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Value for Money

20 February 2014
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Minister of Finance Saara Kuugongelwa-Amadhila appeared very buoyant and positive about Namibia’s economic stability and future outlook when she presented the 2014/2015 national budget in parliament on Wednesday.

She said the country had made considerable progress in many spheres thanks to the proactive socio-economic development policies Government had implemented.

She projected GDP growth of 5 percent in 2014, up from an estimated 4.8 percent in 2013.

Kuugongelwa-Amadhila acknowledged that the country’s economy faces significant challenges ahead such as a jobless growth and a lopsided distribution of income and resource ownership, amongst others.

Based on what she outlined in her address to parliament we should all have a reason to feel reasonably pleased by the country’s economic performance.

Whether the minister is right in feeling so confident is hard to tell given the vagaries of the international economy and currency markets.

Some aspects of the budget remain a worry, and even more worrying is that some of them appear to be recurring problems that repeat themselves year after year.

The operational budget at a staggering N$48 billion consumes a grossly disproportionate 80 percent of the total budget of N$60 billion.

To make matters worse, 20 percent of the operational budget or 9.58 billion goes to the disastrously inefficient and wasteful State-owned enterprises.

We have some SOEs in this country that perform vital economic and social functions, but in most cases, allocating funds to the SOEs is as good as flushing money down the toilet.

The unique structural problems of the Namibian economy make it difficult to create employment in the private sector fast enough to provide employment for a growing labour force.

Government has therefore enthusiastically embraced its role as “employer of last resort”.

This can however, not continue indefinitely because the two objectives are for the most part mutually exclusive.

The bigger the portion of the economy that Government consumes the less chance the private sector has of growing and flourishing because Government suffocates everything else.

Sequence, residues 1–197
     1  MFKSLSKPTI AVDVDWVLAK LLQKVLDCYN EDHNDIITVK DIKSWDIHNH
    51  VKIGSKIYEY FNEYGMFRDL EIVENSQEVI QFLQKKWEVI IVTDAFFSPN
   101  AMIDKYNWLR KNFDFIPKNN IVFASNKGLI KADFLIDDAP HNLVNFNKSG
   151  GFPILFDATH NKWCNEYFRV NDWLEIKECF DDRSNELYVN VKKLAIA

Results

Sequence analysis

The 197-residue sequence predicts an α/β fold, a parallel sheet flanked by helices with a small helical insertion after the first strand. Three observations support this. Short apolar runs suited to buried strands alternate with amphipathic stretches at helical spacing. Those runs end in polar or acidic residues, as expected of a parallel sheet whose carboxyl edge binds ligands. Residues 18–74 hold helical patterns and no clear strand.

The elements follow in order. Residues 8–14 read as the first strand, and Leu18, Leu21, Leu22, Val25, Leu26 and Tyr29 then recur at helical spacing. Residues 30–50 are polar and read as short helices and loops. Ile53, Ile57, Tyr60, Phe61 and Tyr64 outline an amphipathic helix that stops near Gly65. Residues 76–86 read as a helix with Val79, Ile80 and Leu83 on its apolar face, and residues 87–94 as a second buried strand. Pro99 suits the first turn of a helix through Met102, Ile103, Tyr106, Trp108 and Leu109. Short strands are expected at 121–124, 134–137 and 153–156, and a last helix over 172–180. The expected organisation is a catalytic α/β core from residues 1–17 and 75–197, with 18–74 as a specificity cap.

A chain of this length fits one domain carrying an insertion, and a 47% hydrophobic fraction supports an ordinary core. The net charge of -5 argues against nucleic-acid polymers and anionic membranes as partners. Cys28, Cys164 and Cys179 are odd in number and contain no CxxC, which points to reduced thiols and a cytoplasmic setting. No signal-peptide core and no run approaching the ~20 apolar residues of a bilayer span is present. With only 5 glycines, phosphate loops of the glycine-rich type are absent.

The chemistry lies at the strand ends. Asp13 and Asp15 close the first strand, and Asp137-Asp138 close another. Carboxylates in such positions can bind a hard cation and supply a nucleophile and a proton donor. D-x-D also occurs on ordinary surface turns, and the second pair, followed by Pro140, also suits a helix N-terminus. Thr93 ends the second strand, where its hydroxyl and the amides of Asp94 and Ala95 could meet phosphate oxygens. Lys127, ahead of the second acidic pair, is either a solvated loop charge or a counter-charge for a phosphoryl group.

The fact that Government only allocates N$9.58 billion to the development budget but throws away N$9.52 billion on corporate welfare payments for the SOEs surely can’t be right.

Minister Kuugongelwa-Amadhila’s budget nevertheless has many positive aspects.

She announced that the N$ 14.5 billion Targeted Intervention Programme for Employment and Economic Growth (Tipeeg) – now in its third year of implementation – had created 83,315 jobs.

Without closer examination of the details of the various projects, it is difficult to make a determination on the veracity of this claim.

Those who live in areas such as Katutura see anecdotal evidence that seems to suggest that the number unemployed people hanging around street corners has fallen.

The N$8.3 billion Government has allocated for housing is a welcome development and hopefully shows that it is serious about President Hifikepunye Pohamba’s Mass Housing Initiative.

With both Tipeeg and the Mass Housing Initiative, success or failure depends on Government’s ability to keep inefficiency as well as fraud and other forms of corruption in check.

Government has allocated N$8 billion to agriculture, including funding for drought relief incentives, construction of earth dams, rural water supply and the Green Scheme projects.

The drought relief incentives scheme is a classic example of inefficiency on such a vast scale that it almost nullifies any benefits that people might derive from the programme.

The Green Schemes might maintain the illusion of success as long as Government continues to pump in vast amounts of money.

When Government eventually pulls the plug on the funding, they will collapse like a house of cards because history has shown again and again that collective farms do not work.

The most important points Minister Kuugongelwa-Amadhila mentioned included the need for Government to curb waste and bureaucracy that hampered economic development. She also spoke about the need for Government to improve internal efficiency, reduce waste and realise internal savings in public finance management.

Given the inertia and resistance to change among public servants, we wish the minister the best of luck in this endeavour.

Above all, she made the pertinent point that both Government and the people of this country want to receive value for money from the vast amounts of taxpayer’s money we spend.

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WINDHOEK OBSERVER

The Windhoek Observer is an English-language weekly newspaper, published in Namibia by Paragon Investment Holding. It is the country's oldest and largest circulating weekly.

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